clock menu more-arrow no yes mobile

Filed under:

Stout Assessments: coverage shells

What coverage shells do the Chiefs like to utilize?

NFL: AFC Divisional-Pittsburgh Steelers at Kansas City Chiefs Jay Biggerstaff-USA TODAY Sports

Over the past couple of weeks, I’ve touched upon the 2017 Kansas City Chiefs tendencies with their outside linebackers in coverage and their tendencies involving their pass rush and blitzing.

The next tendencies to examine involve those tendencies of the secondary and their coverage shells. However, before we tackle those tendencies, I wanted to write a quick refresher on some of the basic coverage shells the Chiefs use, so we’re all on the same page going into the tendencies of the secondary, as well as the 2018 season. This may be an old hat for a lot of you, but for some, this may shed some light on terms that get thrown around without much explanation.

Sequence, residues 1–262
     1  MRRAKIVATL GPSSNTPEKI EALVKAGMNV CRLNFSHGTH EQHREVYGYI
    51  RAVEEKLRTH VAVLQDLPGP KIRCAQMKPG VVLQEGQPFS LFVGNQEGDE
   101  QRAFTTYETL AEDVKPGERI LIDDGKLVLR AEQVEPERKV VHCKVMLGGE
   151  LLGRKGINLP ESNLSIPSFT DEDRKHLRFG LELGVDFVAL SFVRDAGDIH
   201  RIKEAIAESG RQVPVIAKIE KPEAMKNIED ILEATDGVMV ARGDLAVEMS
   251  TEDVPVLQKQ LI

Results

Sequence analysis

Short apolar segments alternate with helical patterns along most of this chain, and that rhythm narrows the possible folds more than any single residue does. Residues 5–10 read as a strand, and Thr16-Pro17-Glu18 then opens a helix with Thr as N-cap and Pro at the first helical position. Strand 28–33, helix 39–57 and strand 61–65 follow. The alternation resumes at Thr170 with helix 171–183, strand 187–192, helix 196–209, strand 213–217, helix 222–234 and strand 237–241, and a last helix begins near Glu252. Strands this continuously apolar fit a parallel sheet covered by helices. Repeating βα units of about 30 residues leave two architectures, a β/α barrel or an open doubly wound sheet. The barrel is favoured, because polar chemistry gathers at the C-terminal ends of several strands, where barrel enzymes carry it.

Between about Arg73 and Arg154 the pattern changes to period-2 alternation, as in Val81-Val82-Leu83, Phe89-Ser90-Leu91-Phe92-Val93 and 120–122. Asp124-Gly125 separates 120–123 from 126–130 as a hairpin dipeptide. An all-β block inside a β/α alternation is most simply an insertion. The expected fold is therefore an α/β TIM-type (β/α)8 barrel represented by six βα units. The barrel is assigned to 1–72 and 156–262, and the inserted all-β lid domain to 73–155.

So without any further ado, let’s dive into our coverage shell refresher!


Cover 0

Cover 0 is a coverage shell meaning exactly what it says: zero deep defenders.

This coverage is typically run near the opposition’s goal line, which makes the above example even rarer. The ideal outcome in a Cover 0 shell is to bring a lot of pressure with the front, as there are exactly as many defenders with coverage responsibility as there are eligible receivers. This shell is a major gamble at this spot on the field, as any misstep in coverage could lead to a huge gain by the offense.

It’s usually accompanied by press coverage to disrupt timing and force the quarterback to hold onto the ball a split second later with extra rushers coming. It’s executed well in this example, as the quarterback is forced to release the ball early and off his back foot, resulting in an errant throw.